id fn ln age
1 bob smith 35
2 jack jones 28

The rows in the table above couldn't possibly satisfy the conditions of an LWW-Map because they're missing the associated timestamp data. So let's add that

id fn fn_ts ln ln_ts age age_ts
1 bob 12345 smith 12345 35 12345
2 jack 12345 jones 12345 28 12345

Notice the id in the table above is the only column without timestamp meta, this is because it functions as the key in the map and is immutable, immutable values cannot change and thus the meta isn't needed. For the rest, if we check the current timestamp on insertion and use this to determine the new value and timestamp then our row behaves as an LWW Map, turning our table into a CRDT.

But I need to delete things? 😅

I thought you'd say that, well I have a solution, its imperfect but it works.


Tombstones are also known as soft delete flags outside the realms of distributed systems. It's a reasonably simple concept, add a flag to signify whether a record has been deleted, use this same flag to ignore deleted records in subsequent queries.

id fn fn_ts ln ln_ts age age_ts del del_ts
1 bob 12345 smith 12345 35 12345 0 12345
2 jack 12345 jones 12345 28 12345 1 12345

I've got 99 problems but a conflict ain't one

CRDTs are an awesome solution to a difficult problem, personally I find them to be the most natural solution in the distributed systems domain, but I must admit I have problems with existing libraries that leverage them.

CRDTs are usually implemented in two ways, either at the domain level, which requires objects to implement some mergeable interface, or at the data level, in the form of a very bespoke (often not general purpose) datastore. The common denominator an intrusive piece of technology which has a large impact on the shape and design of the application you are creating.

What if this wasn't the case? What if we could have conflict resolution as a pluggable piece of software? Something we could bootstrap existing systems with to give them distributed powers.


A Kotlin Multiplatform CRDT library for local first applications.

Synk is a state based CRDT library, it monitors state changes over time using a special type of timestamp which is capable of tracking events in a distributed system. Synk maintains this data in its own persistent key value storage database locally on each client,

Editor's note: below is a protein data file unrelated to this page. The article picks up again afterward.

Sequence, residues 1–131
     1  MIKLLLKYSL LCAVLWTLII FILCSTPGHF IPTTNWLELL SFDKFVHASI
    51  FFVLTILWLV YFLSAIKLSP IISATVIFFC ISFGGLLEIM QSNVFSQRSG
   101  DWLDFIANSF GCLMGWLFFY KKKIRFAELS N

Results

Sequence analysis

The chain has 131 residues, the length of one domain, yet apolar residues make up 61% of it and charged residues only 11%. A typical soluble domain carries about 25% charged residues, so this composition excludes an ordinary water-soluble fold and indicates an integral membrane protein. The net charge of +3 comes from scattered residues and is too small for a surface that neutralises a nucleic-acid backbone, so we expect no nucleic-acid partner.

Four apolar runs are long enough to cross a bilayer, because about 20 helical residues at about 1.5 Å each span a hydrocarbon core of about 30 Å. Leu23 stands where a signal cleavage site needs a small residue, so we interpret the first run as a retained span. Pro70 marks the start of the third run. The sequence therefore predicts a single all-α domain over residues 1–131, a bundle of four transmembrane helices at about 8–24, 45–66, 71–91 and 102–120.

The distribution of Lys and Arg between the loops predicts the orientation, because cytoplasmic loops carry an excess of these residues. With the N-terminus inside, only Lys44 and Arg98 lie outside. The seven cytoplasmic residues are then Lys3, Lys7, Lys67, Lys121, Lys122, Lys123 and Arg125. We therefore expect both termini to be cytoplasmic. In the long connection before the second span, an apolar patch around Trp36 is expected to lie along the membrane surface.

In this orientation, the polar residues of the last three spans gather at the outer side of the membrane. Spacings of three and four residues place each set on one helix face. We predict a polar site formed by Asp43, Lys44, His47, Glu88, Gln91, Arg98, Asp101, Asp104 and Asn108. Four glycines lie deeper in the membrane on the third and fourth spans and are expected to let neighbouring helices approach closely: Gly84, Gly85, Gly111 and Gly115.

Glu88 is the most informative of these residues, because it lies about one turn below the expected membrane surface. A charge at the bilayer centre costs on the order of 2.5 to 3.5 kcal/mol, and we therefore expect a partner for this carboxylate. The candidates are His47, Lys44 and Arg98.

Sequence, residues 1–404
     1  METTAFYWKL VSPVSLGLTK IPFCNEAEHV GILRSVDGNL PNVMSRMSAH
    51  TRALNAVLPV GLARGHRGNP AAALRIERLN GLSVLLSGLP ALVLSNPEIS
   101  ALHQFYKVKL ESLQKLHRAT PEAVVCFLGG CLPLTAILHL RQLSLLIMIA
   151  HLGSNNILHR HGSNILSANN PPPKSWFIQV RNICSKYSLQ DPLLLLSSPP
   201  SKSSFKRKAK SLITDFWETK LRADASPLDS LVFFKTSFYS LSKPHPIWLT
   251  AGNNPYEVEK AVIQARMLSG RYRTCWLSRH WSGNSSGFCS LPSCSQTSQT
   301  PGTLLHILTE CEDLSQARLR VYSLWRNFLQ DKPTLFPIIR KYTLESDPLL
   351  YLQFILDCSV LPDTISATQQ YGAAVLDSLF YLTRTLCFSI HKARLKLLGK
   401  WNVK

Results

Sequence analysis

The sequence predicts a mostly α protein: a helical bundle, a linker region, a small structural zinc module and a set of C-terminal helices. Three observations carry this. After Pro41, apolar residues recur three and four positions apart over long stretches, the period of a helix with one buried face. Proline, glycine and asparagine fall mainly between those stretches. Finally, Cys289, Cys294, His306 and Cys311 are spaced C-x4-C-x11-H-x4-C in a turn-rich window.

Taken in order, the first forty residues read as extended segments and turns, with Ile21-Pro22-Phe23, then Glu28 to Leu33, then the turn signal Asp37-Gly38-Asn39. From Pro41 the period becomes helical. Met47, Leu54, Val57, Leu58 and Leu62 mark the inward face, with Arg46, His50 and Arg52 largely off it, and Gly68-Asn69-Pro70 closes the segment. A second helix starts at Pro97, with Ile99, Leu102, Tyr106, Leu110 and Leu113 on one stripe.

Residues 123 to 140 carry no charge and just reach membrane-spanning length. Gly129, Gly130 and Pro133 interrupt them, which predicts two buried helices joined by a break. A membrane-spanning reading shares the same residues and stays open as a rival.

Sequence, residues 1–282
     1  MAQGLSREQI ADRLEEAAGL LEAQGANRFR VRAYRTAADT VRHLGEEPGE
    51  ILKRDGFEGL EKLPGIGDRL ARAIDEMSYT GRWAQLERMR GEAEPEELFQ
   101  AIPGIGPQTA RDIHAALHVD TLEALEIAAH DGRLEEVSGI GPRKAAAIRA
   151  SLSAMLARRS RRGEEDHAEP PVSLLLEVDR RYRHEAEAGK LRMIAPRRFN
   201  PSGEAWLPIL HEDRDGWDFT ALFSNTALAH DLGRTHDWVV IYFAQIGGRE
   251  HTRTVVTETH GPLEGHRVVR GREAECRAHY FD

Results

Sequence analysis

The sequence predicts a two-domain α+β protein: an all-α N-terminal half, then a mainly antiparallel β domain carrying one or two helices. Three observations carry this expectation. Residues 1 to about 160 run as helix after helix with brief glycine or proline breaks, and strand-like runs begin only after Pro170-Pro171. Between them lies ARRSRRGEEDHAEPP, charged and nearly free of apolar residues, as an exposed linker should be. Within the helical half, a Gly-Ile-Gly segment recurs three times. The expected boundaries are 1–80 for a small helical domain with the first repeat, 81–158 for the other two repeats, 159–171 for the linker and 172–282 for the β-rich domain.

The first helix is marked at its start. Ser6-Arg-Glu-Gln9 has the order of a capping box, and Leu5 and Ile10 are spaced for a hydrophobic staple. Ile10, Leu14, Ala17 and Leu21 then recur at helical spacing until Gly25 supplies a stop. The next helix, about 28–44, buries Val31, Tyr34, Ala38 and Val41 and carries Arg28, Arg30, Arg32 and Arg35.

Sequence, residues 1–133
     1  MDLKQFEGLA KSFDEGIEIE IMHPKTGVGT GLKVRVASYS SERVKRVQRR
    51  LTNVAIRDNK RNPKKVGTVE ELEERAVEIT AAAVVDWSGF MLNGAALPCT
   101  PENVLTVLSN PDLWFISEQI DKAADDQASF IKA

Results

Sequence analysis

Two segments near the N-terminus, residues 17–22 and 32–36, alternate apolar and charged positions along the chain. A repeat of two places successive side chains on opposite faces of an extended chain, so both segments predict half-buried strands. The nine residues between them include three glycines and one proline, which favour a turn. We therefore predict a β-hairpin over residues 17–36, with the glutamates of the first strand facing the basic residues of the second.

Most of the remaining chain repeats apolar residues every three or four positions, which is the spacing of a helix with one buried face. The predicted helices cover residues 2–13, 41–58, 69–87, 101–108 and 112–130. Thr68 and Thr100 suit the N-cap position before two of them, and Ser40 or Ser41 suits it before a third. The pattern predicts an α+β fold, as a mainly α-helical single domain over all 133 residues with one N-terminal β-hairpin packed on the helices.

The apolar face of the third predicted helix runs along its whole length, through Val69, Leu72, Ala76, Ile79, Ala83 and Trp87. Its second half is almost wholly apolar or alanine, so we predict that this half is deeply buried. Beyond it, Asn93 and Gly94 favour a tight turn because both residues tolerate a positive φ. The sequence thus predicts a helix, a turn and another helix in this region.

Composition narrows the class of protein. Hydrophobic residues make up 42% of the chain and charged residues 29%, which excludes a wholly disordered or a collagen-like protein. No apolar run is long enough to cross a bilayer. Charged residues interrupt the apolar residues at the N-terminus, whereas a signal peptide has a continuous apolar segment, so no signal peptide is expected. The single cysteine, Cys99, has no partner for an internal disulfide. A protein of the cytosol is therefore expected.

It's important to understand Synk does not store your data, merely it stores timestamps associated with it. Remember that timestamp data we added to the table? Well Synk tracks that separately, leaving your data layer entirely untouched, allowing you to build apps with the same technologies you always have.

At its core Synk is comprised of just two functions!

Synk.outbound(new: T, old: T? = null): Message<T>
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Whenever a new record/object is created or updated in your application locally, give Synk the latest version and the old version (if applicable) and Synk will return you a message. This message needs to be propagated to all other clients.

Synk.inbound(message: Message<T>, old: T? = null): T 
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When receiving a Message from another client application, inbound needs to be called. This function will perform conflict resolution for you and return an instance of your object ready to be persisted.

Synk is deliberately minimal, you give it objects and it gives you messages, propagate those messages to the right clients and your application will have no conflicts, it's that easy!

A distributed database... but you bring the database

I'm excited to see what people come up with using this technology, the innovation in the CRDT space right now is crazy. Ultimately I had an idea with this project of creating a minimal library which gives the tools to turn a local database into a distributed one, all whilst exposing some but not all of the distributed primitives. The result is something quite novel, I hope the idea of using CRDTs to resolve your conflicts has piqued your interest.

There's a bunch of detail I chose to omit in this blog, more for brevity than anything else. However theres a lot more information on the repository if you're interested! I've learned so much building out this project, I hope this blog has taught you a thing or two yourself, if you have any questions feel free to comment.


  1. A huge inspiration in all the above was James Longs presentation CRDTs for mortals, if you haven't seen it already go and watch its awesome

All images were generated by Dalle-2, you can see the prompts I used below

Image Prompt
“An oil painting of 4 databases trying really hard to synchronise with each other”
“An oil painting of a monkey attempting to solve the most complex puzzle imaginable”
“Ali G replicating himself into multiple people as an oil painting”

Oldest comments (1)

hruzgar profile image

We really need more offline-first approaches other than mdb realm or firestore. Thank you for the great write up!